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25 Nov 2014 19 Comments

HIV Breakthrough: Umbilical cord blood transplants used in treatment of AIDS

In Barcelona, the Spanish doctors believe that they have found a cure for AIDS affected patients through blood transplants from umbilical cord of individuals having genetic resistance to HIV.

Five years ago, the medical professionals from Spain treated a 37 year old HIV affected patient from Barcelona who was cured of the diseases within 3 months after receiving umbilical cord blood transplant. Unfortunately, he passed away three years later by lymphoma cancer. However, the doctors from Spanish Hematology and Hemotherapy Society (SEHH) and National Transplant Organization (ONT) have jointly launched a project to research and eliminate HIV virus in patients who are also affected with blood or bone marrow cancer through cord blood stem cell transplants.

As per the treatment method, the HIV infected patient with blood related cancers can be treated with umbilical cord stem cells that carry resistance mutation to HIV virus. The high resistance to HIV is caused by CCR5 Delta 35 mutation that affects the white blood cells in an estimated 1% human population. Before the transplant, the patient’s blood cells will be destroyed with chemotherapy. By incorporating the resistance mutation, the HIV virus will no longer be able to attach itself to the cells.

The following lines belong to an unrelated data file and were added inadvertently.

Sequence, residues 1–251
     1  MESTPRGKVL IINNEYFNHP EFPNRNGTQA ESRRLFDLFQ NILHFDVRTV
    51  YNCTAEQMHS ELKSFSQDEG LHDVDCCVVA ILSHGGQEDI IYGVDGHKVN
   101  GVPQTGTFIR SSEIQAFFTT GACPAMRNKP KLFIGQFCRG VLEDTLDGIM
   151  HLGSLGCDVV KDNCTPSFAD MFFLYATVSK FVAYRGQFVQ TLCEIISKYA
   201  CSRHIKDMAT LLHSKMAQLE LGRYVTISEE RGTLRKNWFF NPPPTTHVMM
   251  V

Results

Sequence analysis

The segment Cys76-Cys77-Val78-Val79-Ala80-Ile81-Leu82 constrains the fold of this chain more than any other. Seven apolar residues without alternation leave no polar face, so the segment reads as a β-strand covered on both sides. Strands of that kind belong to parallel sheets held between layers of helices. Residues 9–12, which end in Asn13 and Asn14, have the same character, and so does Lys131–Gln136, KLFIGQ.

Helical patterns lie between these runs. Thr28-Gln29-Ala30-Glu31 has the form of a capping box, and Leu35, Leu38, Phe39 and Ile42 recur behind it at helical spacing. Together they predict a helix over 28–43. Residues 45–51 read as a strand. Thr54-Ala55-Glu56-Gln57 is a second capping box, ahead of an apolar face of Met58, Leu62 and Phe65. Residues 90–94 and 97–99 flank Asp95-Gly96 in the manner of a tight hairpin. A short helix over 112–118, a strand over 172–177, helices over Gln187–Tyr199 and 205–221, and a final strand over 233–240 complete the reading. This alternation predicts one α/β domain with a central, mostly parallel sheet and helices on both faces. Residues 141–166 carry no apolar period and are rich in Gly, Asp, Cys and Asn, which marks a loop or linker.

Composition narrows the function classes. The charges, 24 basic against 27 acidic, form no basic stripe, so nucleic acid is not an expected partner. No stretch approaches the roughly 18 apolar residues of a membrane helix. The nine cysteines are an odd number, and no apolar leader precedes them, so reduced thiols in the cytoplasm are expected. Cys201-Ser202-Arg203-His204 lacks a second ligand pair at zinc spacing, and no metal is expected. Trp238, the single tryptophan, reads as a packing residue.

Prior to the Barcelona patient, the Spanish doctors attempted the technique in a HIV patient, Timothy Brown who developed Leukemia before receiving treatment in Berlin. He was treated with a donor bone marrow cells that carried resistance mutation to the HIV virus. When the doctors planned the same for the Barcelona patient, they could not find a suitable bone marrow donor which led to another promising solution: umbilical cord blood. On an interview to ‘The Local’, the director of Haematopoietic Transplant Programme at the Catalan Oncology Institute in Barcelona, Rafael Duarte said, “We suggested a transplant of blood from an umbilical cord but from someone who had the mutation because we knew from 'the Berlin patient' that as well as causing the cancer, we could also eradicate HIV."

Thus, the medical team used the umbilical cord stem cells from a donor to speed up the regeneration process and within 11 days, the patient recovered. Three months later, the patient was found to be free of HIV virus in his body. Although, the patient passed away after 3 years, this process encouraged the researchers to begin a new project – world’s first clinical trials using umbilical cord blood transplants to treat HIV infected cancer patients. This therapy can also help the medical world to speculate a cure for HIV infected patients. This clinical trial is set to begin by March 2015.



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